Is it a good idea to multitask? Studies of the impact of cell phone use on our ability to focus on complex tasks such as driving, operating machinery or walking, show that the brain does not multitask well at all – even if the inputs are being processed in different areas of the brain.
Juggling tasks that require cognitive, creative or problem-solving skills only aggravates the negative impacts of multitasking: reduced productivity and increased stress. If your work requires mental effort, and almost all modern jobs do, then it is essential to break the multitasking habit. Here are some ideas to help you reduce your multitasking, so you can be more focused and get more done:
1. Organize your day
Organize your day into focused blocks of ninety minutes to three hours of work, no less or no more. Choose a theme for each block: business development, problem-solving, administration, marketing, production, design, planning, etc. Group your tasks to execute on those relating to the theme during the allotted time block. If other ideas come up, have a little notebook handy to jot them down (the “idea parking lot”), then go back to what you were doing. You will find as time goes on you will experience fewer thought interruptions. Grouping your tasks into themes enables you to focus at peak efficiency.
2. Minimize context switching
We call it multitasking, but in reality it is time-slicing: focusing on one task for a moment then putting it on pause to switch to the other task. If the tasks are too dissimilar, it takes time for your brain to switch from one task to another. The context switching time can take anywhere from one minute to sixty minutes, depending on how focused, creative or analytical you need to be to carry out the task. This is why multitasking is not efficient. By grouping similar tasks together in themes, and executing each task in a serial order (one after the other), the context switching time between tasks is minimized and productivity soars.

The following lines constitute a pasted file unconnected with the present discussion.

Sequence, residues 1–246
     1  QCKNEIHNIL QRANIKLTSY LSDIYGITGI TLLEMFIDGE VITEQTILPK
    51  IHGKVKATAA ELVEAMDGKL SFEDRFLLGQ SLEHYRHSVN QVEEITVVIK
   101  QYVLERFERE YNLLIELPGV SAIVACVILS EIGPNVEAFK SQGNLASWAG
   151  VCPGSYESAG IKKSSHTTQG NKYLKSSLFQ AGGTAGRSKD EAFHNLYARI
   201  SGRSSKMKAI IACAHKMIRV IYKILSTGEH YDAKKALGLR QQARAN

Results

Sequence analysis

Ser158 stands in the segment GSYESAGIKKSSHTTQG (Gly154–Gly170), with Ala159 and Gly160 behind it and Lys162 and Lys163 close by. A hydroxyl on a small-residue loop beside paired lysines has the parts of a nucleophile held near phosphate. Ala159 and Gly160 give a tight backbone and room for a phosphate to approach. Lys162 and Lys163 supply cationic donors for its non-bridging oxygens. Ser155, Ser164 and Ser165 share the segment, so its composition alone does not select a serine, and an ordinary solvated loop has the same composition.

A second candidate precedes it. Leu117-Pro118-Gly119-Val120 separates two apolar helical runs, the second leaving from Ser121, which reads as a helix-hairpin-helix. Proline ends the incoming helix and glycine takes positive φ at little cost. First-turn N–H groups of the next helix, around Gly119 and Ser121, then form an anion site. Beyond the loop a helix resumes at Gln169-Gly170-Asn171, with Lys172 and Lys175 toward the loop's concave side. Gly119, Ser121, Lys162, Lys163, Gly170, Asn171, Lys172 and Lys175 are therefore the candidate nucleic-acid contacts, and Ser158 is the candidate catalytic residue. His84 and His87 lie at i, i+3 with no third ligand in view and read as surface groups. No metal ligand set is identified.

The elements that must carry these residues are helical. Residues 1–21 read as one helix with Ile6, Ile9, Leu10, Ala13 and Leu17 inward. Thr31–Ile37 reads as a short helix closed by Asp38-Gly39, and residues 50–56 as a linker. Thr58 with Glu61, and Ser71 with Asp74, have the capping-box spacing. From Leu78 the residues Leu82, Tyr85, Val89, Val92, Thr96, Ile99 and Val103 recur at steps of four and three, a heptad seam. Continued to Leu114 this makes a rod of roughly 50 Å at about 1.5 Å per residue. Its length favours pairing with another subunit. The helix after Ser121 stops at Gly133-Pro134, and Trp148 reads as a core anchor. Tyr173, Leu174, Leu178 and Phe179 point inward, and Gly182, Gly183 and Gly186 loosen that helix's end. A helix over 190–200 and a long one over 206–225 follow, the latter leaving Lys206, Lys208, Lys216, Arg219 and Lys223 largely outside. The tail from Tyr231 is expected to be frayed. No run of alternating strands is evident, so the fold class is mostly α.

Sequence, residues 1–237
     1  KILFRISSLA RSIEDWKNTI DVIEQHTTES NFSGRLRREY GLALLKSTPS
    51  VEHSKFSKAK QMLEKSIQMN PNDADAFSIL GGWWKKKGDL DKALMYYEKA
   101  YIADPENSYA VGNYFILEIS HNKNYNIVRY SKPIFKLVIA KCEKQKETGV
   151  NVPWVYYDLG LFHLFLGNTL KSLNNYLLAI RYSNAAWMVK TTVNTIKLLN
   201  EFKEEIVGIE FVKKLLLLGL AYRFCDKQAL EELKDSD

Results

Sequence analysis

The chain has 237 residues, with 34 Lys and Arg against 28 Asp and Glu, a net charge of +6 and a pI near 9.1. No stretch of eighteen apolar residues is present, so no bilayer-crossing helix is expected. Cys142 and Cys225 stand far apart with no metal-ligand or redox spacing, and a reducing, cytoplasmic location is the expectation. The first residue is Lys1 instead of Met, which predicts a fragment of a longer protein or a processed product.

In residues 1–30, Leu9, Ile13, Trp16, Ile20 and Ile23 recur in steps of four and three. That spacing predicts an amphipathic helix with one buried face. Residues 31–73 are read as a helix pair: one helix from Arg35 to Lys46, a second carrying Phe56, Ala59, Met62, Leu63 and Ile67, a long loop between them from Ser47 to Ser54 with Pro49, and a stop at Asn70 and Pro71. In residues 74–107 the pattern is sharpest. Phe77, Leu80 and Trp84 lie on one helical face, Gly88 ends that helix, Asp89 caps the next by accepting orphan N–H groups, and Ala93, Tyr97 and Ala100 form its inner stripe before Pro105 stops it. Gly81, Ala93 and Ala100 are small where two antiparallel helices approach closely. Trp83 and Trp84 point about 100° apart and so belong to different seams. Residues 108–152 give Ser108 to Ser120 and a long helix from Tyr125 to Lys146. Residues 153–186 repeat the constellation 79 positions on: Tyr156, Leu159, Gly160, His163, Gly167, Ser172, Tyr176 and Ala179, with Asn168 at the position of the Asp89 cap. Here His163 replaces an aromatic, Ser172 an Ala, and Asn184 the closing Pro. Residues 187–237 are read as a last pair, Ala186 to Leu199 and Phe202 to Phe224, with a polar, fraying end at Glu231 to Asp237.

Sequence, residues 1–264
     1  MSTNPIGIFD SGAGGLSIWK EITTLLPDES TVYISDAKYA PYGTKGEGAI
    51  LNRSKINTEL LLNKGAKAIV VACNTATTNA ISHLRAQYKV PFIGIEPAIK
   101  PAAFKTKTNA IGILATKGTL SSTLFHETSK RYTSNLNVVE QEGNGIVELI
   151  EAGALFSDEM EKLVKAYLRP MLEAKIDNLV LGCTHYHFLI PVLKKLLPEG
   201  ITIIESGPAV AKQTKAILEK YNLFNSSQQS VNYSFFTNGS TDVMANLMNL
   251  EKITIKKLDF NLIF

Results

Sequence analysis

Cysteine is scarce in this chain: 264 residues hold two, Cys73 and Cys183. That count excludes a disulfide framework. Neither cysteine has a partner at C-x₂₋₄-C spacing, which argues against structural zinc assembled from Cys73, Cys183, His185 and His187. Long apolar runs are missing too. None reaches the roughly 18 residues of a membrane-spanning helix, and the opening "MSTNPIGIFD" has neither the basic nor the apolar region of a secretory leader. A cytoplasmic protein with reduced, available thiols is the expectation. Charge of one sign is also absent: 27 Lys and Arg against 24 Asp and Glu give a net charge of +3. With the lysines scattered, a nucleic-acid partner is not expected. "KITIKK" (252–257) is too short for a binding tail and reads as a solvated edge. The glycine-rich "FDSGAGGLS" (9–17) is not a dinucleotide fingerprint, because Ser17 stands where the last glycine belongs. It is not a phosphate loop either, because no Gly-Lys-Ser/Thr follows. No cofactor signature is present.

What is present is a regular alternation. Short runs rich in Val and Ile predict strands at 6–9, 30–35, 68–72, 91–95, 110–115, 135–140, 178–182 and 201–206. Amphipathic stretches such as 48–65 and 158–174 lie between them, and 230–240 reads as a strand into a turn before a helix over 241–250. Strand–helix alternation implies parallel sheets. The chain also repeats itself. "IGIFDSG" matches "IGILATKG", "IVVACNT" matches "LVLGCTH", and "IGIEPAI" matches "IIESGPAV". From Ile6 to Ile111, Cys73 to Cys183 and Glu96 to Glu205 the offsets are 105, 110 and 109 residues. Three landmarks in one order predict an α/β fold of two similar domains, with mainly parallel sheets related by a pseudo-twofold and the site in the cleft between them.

3. Control external interruptions
Responding to external interruptions such as phone calls, e-mail or colleagues breaks your focus and triggers the context switching delay. Suppose your context switching time is five minutes for each interruption – this time quickly adds up! Let your voice mail answer your calls. Close your office door or put a “Do Not Disturb” sign. Discipline yourself to check and respond to e-mail and voice mail at most two or three times a day, outside of your focused working periods. This should be sufficient for even those who expect instantaneous responses to messages. You may need to reset the expectations of your co-workers or clients by letting them know at what times you are available to respond to calls, but they will appreciate your professionalism.
4. Create a space to focus
Space is an important element of focus. Create a physical work area distinct from your living area, so that when you go to your work area, it is a cue to your brain that you are now in work mode. Arrange your work area to minimize external distractions. I recommend wearing a pair of good quality noise-cancelling headphones, with or without appropriate music. Dressing up for your work periods, even when at home, is another powerful cue. I also have different places for different themes: client work is done in my home office, and creative work is done at a local coffee shop (where I wear my noise-cancelling headphones).
As you learn to break your multitasking tendencies and maximize your focus, you will minimize distractions, reduce context switching time, and get more done with less stress.
For more information
I originally posted this article on EzineArticles: http://ezinearticles.com/?id=4375260
An interesting article on multitasking in the journal of the American Psychological Association:
And from ArsTechnica.com:
And why you shouldn’t text and walk (NYTimes.com):